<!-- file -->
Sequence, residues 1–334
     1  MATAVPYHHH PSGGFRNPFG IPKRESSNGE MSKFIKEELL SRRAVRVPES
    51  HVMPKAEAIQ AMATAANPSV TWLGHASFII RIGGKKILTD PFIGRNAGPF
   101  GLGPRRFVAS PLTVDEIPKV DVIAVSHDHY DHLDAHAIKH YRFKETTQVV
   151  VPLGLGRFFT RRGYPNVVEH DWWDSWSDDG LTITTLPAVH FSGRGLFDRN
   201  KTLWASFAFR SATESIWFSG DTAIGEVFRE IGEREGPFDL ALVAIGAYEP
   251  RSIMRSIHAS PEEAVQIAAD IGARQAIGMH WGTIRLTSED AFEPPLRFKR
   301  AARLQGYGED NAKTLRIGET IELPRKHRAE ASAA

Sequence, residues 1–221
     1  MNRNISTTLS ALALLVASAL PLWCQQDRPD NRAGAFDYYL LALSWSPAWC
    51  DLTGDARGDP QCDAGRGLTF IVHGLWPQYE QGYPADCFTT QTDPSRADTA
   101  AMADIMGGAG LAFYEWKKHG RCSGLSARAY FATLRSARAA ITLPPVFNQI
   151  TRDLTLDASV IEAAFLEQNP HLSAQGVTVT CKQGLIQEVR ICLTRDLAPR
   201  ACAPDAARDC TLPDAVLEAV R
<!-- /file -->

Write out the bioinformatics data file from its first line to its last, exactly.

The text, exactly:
Sequence, residues 1–334
     1  MATAVPYHHH PSGGFRNPFG IPKRESSNGE MSKFIKEELL SRRAVRVPES
    51  HVMPKAEAIQ AMATAANPSV TWLGHASFII RIGGKKILTD PFIGRNAGPF
   101  GLGPRRFVAS PLTVDEIPKV DVIAVSHDHY DHLDAHAIKH YRFKETTQVV
   151  VPLGLGRFFT RRGYPNVVEH DWWDSWSDDG LTITTLPAVH FSGRGLFDRN
   201  KTLWASFAFR SATESIWFSG DTAIGEVFRE IGEREGPFDL ALVAIGAYEP
   251  RSIMRSIHAS PEEAVQIAAD IGARQAIGMH WGTIRLTSED AFEPPLRFKR
   301  AARLQGYGED NAKTLRIGET IELPRKHRAE ASAA

Sequence, residues 1–221
     1  MNRNISTTLS ALALLVASAL PLWCQQDRPD NRAGAFDYYL LALSWSPAWC
    51  DLTGDARGDP QCDAGRGLTF IVHGLWPQYE QGYPADCFTT QTDPSRADTA
   101  AMADIMGGAG LAFYEWKKHG RCSGLSARAY FATLRSARAA ITLPPVFNQI
   151  TRDLTLDASV IEAAFLEQNP HLSAQGVTVT CKQGLIQEVR ICLTRDLAPR
   201  ACAPDAARDC TLPDAVLEAV R